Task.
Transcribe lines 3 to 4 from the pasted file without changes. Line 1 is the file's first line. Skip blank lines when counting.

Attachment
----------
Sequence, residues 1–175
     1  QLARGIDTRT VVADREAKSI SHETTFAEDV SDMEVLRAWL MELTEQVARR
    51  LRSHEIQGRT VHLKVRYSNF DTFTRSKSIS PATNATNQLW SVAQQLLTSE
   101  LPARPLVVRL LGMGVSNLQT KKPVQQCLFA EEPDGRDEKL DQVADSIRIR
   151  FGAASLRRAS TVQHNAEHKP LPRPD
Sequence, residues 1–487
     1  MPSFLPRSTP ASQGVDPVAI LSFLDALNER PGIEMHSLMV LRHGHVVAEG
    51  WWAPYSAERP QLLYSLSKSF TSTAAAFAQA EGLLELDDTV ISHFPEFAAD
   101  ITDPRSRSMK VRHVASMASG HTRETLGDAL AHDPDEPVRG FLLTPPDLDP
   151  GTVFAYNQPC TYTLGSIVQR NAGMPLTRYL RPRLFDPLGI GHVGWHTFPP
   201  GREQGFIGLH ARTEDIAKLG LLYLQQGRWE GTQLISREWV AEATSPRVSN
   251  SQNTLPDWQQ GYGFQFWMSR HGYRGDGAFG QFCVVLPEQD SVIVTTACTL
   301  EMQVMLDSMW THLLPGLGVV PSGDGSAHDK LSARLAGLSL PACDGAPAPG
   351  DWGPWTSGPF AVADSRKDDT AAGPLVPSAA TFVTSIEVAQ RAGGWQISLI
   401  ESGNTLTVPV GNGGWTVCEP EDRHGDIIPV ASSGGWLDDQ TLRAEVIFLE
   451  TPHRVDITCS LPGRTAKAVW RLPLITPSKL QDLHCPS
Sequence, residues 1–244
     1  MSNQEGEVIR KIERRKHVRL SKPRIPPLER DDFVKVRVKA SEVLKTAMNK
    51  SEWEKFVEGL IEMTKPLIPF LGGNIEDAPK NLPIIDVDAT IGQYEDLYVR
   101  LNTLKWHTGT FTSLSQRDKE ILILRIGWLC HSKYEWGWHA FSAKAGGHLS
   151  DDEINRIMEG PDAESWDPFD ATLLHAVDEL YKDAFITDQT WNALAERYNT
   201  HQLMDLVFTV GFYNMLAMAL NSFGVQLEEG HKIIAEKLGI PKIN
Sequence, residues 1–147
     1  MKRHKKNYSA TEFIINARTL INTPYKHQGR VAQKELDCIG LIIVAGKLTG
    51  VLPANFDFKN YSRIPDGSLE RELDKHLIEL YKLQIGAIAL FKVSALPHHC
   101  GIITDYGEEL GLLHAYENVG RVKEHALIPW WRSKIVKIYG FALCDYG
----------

    51  LRSHEIQGRT VHLKVRYSNF DTFTRSKSIS PATNATNQLW SVAQQLLTSE
   101  LPARPLVVRL LGMGVSNLQT KKPVQQCLFA EEPDGRDEKL DQVADSIRIR